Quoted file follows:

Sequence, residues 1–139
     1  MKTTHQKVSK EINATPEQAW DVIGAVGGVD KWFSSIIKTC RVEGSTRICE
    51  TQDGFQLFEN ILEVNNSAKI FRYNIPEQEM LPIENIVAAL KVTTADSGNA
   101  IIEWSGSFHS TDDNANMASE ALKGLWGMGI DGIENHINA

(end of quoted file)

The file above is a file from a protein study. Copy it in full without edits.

Sequence, residues 1–139
     1  MKTTHQKVSK EINATPEQAW DVIGAVGGVD KWFSSIIKTC RVEGSTRICE
    51  TQDGFQLFEN ILEVNNSAKI FRYNIPEQEM LPIENIVAAL KVTTADSGNA
   101  IIEWSGSFHS TDDNANMASE ALKGLWGMGI DGIENHINA